There are many ways to have your say about research. Within the Involvement Program we call these methods of involvement. Each method is described below as guidance. Methods are adapted to suit the needs of the project and the people involved in the project.
Writing or commenting on documents
You can be involved in writing or commenting on a variety of documents used within research projects. It is important that they are easily understood by consumers and community members. Commonly used documents include:
Written information for participants about the research project.
A form signed by a research participant to confirm agreement to take part in a project. It also provides evidence that the participant fully understands what they are being asked to do in the research.
Plain language summaries
These are summaries of the research written in plain language. They can be used to let the community know about the research or for applying for funding.
Grant application reviewers
You can be involved in reviewing grant or funding applications. Organisations such as Cancer Council NSW and Cancer Australia involve members of the community in their research grant allocation process. Cancer Council WA is currently establishing ways to fully involve the community in their research funding processes.
Consumer and community forums
You can attend one-off or occasional community consultations and forums. Forums bring together a group of community members and researchers. You are asked to provide input about a specific topic or research project. Input might include priorities for new services or research projects. You may be offered opportunities for further involvement in the research project.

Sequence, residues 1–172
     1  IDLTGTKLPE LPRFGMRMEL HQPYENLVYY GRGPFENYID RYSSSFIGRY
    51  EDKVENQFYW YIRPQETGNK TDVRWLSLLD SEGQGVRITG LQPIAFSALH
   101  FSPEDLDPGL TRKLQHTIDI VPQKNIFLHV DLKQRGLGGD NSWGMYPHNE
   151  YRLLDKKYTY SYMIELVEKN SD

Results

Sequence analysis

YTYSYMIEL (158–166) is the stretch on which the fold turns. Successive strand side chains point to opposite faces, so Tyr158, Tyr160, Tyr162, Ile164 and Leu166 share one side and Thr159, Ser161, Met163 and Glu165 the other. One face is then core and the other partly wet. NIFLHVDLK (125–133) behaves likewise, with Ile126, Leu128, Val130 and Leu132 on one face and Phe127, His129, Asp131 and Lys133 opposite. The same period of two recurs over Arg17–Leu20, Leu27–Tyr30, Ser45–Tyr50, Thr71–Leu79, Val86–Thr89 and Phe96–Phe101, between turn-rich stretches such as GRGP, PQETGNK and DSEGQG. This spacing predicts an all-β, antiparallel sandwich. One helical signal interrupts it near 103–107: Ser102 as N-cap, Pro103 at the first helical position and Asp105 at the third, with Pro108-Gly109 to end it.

Consumers and community members on teams
You may be asked to join a research team as a community representative. Where possible there will be at least two community representatives on the team. As part of the research team you will attend meetings and have input into how the research is carried out.
Research buddies act as a link between the researcher and the community.
As a research buddy you will meet regularly with researchers from the research team to discuss the research and its results. The researcher may do this over the phone or face to face. Research buddies might use their lived experience to help the researcher:
- Understand results that they cannot explain
- Raise awareness of the research
- Explain their research to the community in plain language
Some researchers have little or no contact with people affected by the condition they are studying. As a research buddy you can help to provide that link.
Reference groups bring together a number of consumers and community members to provide advice to a specific project or program of research.
As a member of a research group you might be asked to provide advice about:
- How the research is being planned
- Getting the research results out into the community
- Documents that will be given to participants in the project
Reference groups will meet a number of times throughout the research project or program. Meetings may be face-to-face or they might be by phone or via a secure Facebook page.
Steering group or panel
As a member of a steering group you will help to steer the research. Steering groups have more influence and involvement than a reference group, which only provides advice. Steering groups usually have other stakeholders as well as consumers and community members.
Consumer or community researchers
You might be asked to undertake part of the research as a consumer or community researcher. This might include:
- Interviewing other consumers or community members
- Helping to run focus groups
- Analysing results of interviews or questionnaires
You should be offered training in how to perform the task you have been asked to do.
Consumer and Community Advisory Councils
Consumer and Community Advisory Councils provide input at an organisational level rather than to research projects. Council membership usually includes consumers, community members, researchers and management.